Excessive fears or specific fetishes are undoubtedly unique conditions, with each carrying its own set of distinctive symptoms. However, pinpointing the underlying similarities between psychological afflictions helps put the overall issue of mental illness in a more clear and concise perspective. For instance, between phobia, fetishism and even obsessive-compulsive disorder (OCD), there is an underlying link of obsession.
According to the Diagnostic and Statistical Manual of Mental Disorders (DSM-5), obsessions are defined as, “recurrent and persistent thoughts, urges, or images that are experienced, at some time during the disturbance, as intrusive and unwanted, and that in most individuals cause marked anxiety or distress.” While in the midst of this experience, a person will be haunted by various ideas, urges or images that may lead to compulsive responses.
From this classification, one can infer that obsessive thinking is a hindrance and causes distress. However, the emotional nature of the phenomenon is both vague and varied depending on the person’s circumstances. In addition to playing a cardinal role in how OCD develops, these fixations can also be attached to strong feelings like fear or pleasure.
- In the case of a specific phobia, an object or situation will evoke immediate fear or anxiety in a person.
- With fetishes, an object or body part will stimulate intense sexual arousal.
While these reactions are different in terms of affect, the obsessive focus is shared between the two conditions. Also, a notable comparison between the two is that both can arise as clinically serious disorders or behaviors without any associated distress. While being diagnosed with a phobia or fetishistic disorder is a serious situation, having common fears and sexual desires is a natural part of life and learning about oneself. The DSM also supports these distinctions.
The factors surrounding this seemingly polar relationship have been discussed in multiple areas. According to Ilana Simons, Ph.D., people with phobias, fetishes and OCD all compartmentalize the world around them to specific parts and targets. She even details an example of a man with a sexual fetish of humiliation and rejection in addition to a concurrent fear of losing his partner to another. Her reasoning for this cross-wired connection is that the person developed this strong sexual desire as a way to experience a more preferable outcome of rejection. In an intimate and controlled scenario, the man is able to ease his real-world anxiety.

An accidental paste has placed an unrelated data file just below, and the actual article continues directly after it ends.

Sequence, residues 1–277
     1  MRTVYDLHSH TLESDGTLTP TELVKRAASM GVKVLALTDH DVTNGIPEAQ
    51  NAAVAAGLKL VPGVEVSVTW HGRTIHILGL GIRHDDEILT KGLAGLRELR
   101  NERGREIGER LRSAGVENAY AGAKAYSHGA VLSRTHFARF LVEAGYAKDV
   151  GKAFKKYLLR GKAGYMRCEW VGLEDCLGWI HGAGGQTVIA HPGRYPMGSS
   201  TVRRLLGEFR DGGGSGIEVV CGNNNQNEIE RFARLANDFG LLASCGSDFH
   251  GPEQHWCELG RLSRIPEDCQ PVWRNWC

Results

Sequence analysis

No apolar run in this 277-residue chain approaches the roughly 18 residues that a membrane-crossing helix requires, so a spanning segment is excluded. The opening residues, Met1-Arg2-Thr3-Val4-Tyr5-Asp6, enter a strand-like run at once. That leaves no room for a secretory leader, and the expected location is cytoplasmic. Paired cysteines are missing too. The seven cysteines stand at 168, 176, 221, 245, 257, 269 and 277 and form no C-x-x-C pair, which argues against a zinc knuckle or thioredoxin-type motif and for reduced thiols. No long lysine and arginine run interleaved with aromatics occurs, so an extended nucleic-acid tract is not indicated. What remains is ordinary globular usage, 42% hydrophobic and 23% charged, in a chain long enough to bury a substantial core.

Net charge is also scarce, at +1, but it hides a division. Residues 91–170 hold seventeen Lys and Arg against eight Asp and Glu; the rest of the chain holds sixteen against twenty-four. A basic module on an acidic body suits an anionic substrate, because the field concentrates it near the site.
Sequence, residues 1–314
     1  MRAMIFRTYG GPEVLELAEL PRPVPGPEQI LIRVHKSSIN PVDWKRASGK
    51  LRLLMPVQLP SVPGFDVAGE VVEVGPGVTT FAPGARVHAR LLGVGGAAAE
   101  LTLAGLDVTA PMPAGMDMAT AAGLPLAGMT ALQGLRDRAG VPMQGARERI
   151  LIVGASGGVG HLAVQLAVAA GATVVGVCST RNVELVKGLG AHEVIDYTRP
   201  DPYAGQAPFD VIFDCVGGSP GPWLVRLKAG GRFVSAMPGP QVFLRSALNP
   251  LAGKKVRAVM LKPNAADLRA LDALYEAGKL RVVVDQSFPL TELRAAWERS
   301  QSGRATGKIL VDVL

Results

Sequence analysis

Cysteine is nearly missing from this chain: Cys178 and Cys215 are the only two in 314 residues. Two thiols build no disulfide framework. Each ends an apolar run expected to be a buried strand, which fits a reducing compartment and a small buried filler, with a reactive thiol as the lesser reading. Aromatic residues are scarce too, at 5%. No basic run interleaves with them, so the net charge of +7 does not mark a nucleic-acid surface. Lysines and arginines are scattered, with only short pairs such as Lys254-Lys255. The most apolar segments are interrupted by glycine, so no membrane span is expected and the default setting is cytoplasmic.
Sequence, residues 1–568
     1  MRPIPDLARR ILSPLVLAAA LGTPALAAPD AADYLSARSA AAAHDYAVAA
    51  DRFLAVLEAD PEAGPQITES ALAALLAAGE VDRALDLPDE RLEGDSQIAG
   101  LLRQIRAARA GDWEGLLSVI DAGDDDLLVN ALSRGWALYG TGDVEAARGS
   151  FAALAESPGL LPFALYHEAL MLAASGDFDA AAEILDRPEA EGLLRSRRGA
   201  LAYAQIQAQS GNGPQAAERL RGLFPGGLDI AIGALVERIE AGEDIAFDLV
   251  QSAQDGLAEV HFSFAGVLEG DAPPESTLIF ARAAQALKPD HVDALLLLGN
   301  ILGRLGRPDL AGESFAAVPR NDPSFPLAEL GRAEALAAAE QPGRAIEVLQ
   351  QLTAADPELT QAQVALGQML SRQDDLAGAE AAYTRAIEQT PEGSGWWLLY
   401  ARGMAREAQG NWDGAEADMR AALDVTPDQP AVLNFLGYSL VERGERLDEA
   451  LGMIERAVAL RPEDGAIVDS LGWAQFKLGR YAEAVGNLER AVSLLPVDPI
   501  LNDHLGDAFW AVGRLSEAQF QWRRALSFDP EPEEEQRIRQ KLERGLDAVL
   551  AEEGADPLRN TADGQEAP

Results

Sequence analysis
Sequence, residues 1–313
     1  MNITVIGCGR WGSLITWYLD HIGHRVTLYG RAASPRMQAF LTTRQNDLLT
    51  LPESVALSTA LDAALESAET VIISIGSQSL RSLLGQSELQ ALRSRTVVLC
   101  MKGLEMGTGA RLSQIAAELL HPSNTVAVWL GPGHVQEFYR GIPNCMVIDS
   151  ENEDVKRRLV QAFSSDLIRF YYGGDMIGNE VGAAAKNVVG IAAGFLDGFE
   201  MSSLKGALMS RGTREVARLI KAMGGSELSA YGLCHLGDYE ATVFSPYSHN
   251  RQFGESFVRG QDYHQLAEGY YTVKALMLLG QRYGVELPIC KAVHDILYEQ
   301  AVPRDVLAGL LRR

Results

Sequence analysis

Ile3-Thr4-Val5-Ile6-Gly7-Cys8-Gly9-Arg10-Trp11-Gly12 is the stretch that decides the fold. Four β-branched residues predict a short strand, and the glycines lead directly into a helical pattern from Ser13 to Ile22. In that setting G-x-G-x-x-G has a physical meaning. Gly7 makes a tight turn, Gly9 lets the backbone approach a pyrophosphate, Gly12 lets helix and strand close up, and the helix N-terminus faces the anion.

Psychologist Kristina Randle explains that phobias and sexual fetishes are explainable via associative learning and conditioning. Under the school of behavior psychology, phobias are the result of unintended pairings of unconditioned stimuli with conditioned stimuli. For example, an early traumatic experience with a clown will lead to a fear of clowns. Dr. Randle explains sexual fetishism is a similar process, where sexual stimulation is paired with an unintended stimulus.
A 2002 study from the London Society of the New Lacanian School proposes phobia as a turntable that can be turned toward perversion and other neuroses. The analysis also supports how certain phobic thoughts and imagery can be re-evaluated and framed as a sexual fantasy due to the close proximity of emotions. Unfortunately, precisely delineating between fear and fetish is still a challenge in this day and age. The current collection of research regarding both topics is inconsistent, as different schools of psychology view them in separate ways. Further research is needed to create a more detailed image of obsession and how it relates to phobia and fetishism.
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Written by Lee Yates, Sovereign Health Group writer